July 23, 2014

Medina
Cloudy
70°F

Group helps seniors help one another

LORAIN — The idea seemed so simple.

Senior citizens, who often feel like they’d be a burden to their family if they asked them for help, would have no trouble at all reaching out to someone their own age.

That idea gave birth to the organization Seniors Helping Seniors more than 10 years ago near Reading, Pa., and was also the impetus for a pair of Northeast Ohio natives to bring the program home last month.

Seniors Helping Seniors provider Maryanne Mason pours some coffee for Fern Coverly, who lives in Elyria with her sister. (Photo by Chuck Humel, The Chronicle-Telegram.)

Seniors Helping Seniors provider Maryanne Mason pours some coffee for Fern Coverly, who lives in Elyria with her sister. (Photo by Chuck Humel, The Chronicle-Telegram.)

Janet McGarvey, an Amherst native, and Alice Iseminger, of Lorain, run Seniors Helping Seniors out of an office on Broadway in Lorain. The office serves much of Northeast Ohio, McGarvey said. Seniors Helping Seniors has franchises in 26 states from Rhode Island to Hawaii. Their employees, the providers, are all at least 50 years old helping patients who on average are older than 60.

Regina Kemer, 67, was one of the first providers McGarvey hired, and her patient is an 87-year-old woman with dementia who lives in an assisted living center and depends on Kemer to keep her active in the community by taking her out to the park, store or wherever she’d like to go.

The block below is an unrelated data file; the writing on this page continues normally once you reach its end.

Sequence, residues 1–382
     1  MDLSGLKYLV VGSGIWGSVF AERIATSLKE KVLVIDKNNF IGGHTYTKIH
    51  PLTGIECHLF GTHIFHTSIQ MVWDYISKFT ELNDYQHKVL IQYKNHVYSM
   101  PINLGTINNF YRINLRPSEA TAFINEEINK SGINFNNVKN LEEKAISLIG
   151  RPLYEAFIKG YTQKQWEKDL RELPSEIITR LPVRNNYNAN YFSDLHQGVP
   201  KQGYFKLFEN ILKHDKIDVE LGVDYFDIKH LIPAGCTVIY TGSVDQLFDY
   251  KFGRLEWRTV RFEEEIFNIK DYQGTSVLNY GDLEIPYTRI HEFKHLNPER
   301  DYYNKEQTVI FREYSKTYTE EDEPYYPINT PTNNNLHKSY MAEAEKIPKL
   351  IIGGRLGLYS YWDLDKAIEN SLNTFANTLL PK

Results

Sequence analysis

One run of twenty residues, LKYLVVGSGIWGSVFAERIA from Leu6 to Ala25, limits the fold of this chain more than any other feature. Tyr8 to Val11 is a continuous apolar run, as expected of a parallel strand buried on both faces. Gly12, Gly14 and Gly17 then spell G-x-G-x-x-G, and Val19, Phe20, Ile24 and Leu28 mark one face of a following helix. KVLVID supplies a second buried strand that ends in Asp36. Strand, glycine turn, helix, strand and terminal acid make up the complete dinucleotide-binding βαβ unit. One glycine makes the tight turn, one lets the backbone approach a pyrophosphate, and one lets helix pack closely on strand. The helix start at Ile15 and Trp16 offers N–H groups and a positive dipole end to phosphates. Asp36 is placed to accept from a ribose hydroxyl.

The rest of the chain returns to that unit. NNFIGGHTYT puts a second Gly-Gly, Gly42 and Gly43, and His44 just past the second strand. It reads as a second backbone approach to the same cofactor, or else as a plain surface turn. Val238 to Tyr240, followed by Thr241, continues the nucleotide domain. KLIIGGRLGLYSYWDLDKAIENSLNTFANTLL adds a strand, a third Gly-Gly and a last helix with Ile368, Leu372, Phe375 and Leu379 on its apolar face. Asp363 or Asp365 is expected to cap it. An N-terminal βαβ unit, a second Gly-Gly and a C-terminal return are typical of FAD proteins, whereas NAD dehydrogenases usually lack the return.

“All the nurses there tell me what a difference it has made taking her out,” she said.

Kemer visits with her patient three to four hours, twice a week. Plans and care are established with the patient, the patient’s family and Seniors Helping Seniors.

Kemer said the fact that she is a senior citizen herself gives her a better insight into her client’s needs and feelings than a younger person may have.

“If you send someone that’s 25 or 30, I don’t think (he or she understands) the wants and needs of a senior citizen,” she said. “I’m a senior, so I know that they need special care, special wants. I know what makes them happy, because what makes you happy probably makes me happy.

“I have nothing against young people. I just don’t think they understand elderly people like someone who is older.”

Kemer has worked in the medical field as an assistant for the last 40 years, but said she always found the most joy working with seniors. All providers are heavily vetted before they are hired, said McGarvey, including the usual background checks and interviews, but also a special touch that she said will immediately weed out unqualified candidates.

“I’ll call them when I’m close to their home and ask if I can stop by because I need to go over something with them,” McGarvey said. “I want to see their environment, because if they don’t respect their environment, they’re sure as heck not going to respect their patient’s.”

McGarvey said that seniors sometimes feel shy about asking their families for help because they don’t want to bother them, so this program gives them the help they need whenever they need it.

“Whether it’s visiting, snowplowing — we’re a one-stop shop,” she said.

Kemer said families also appreciate the fact that it’s someone in the patient’s age group caring for them.

“They’re more at ease with it,” she said. “They know then they don’t have to worry about their mother or father being taken care of.”

Seniors Helping Seniors began as a nonprofit organization serving Berks County, Pa., by Philip Yocom and his wife, Kiran. For more information, visit www.seniorshelpingseniors.com, or contact (440) 935-3848.

Contact Adam Wright at 329-7155 or ctnews@chroniclet.com.